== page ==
Sis, Let’s GO: 10 Travel Tips for Black Women

by Sojourner
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Alright sis, the time has come. 

You see other Black women traveling. 

You’ve been talking about going abroad. 

You’ve heard from other traveling Black women how amazing it is.

But you still haven’t booked the trip? Well, this is your sign to do it!

As a Black woman traveler myself, I’ve lived in Spain twice, spent a summer in Berlin, and have visited 15 countries spanning three continents. I’ve met up with Black women living in Amsterdam. While solo traveling in Mexico, I befriended Black women from Brazil and Canada. I even attended a conference in Spain hosted by and for Black women. 

So, I’m here to tell you that it’s not as scary as it seems. Black women travel anywhere and everywhere. However, I get that it takes some convincing and maybe you’re a little hesitant. This post is here to ease your fears and get you abroad. Let’s get into it!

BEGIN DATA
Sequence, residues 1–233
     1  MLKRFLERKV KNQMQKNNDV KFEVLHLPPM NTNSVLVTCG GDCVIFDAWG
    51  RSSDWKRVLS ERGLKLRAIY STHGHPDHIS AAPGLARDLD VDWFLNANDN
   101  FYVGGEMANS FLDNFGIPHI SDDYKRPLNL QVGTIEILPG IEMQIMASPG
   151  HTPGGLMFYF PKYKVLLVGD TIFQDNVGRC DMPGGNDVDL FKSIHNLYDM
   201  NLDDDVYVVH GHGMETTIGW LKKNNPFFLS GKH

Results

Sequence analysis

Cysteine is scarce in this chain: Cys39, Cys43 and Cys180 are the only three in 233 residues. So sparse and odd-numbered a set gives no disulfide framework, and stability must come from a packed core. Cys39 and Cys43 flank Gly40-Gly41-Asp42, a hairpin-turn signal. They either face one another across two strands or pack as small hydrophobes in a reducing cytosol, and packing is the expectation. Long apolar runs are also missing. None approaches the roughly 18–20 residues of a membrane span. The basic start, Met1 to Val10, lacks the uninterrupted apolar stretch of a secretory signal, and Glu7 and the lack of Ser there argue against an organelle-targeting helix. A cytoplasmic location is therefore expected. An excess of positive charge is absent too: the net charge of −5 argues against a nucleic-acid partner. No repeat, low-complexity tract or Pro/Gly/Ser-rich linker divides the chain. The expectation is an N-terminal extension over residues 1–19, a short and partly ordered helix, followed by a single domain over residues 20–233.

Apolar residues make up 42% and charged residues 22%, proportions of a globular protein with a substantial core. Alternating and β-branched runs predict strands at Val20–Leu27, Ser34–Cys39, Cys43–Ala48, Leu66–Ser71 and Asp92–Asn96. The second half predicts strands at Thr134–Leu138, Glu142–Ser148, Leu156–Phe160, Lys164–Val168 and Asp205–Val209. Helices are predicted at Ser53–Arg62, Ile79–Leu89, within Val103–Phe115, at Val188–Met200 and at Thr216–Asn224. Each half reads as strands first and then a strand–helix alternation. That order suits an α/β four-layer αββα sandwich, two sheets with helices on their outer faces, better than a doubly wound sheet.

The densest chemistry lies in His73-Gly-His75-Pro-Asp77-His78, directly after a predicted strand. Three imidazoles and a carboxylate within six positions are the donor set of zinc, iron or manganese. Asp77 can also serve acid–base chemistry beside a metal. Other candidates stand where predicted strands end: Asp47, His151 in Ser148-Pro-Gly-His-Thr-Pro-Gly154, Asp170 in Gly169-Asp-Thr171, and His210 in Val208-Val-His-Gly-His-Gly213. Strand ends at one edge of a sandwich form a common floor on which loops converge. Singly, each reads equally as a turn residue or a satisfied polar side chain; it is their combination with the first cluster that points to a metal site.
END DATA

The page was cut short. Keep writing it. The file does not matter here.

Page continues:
Read Black female travel bloggers’ experiences beforehand

Not only do Black women travel, but they write about it too! Black travel bloggers such as Oneika the Traveller and Gloria Atanmo of The Blog Abroad are two of many resources who outline their adventures abroad. Their tips as traveling Black women can help you plan your own trip. From hair care to handling the ups and downs of being Black and abroad, blogs are a top source of travel information. Other Black female travel bloggers to read and support in your research are:

– Jewels of Travel Jewels

– Christine of O. Christine

– Gabby of Packs Light

– Candace of Candace Abroad

– Sojourner of Sojournies (me!)

Go solo

If you can’t find friends or family to go on a trip, go alone! Solo female travel is not as obscure as it used to be. Black women travelers are taking advantage of it too. Key tips for solo travel include: sending your itinerary to a loved one, bringing a portable charger for your phone, and making copies of your passport and visa in case of emergencies. For a little more motivation and inspiration, check out Ciara Johnson of Hey Ciara. She is the solo travel queen and her Instagram has all the tips you need to take that solo adventure.  

Join Black travel groups on Facebook to connect with people

Black travel groups are another excellent resource of travel information. If you log onto Facebook and search “Black travel,” tons of groups will pop up. Some popular ones include The Black Travel MovementBlack Folks Travel Too, Nomadness Travel Tribe, and many more. A few are even specifically for Black women travelers, such as Black Women Travel and She Travels the Globe. Search past posts in these groups asking for tips in your destination, or make a new post if you can’t find your answer.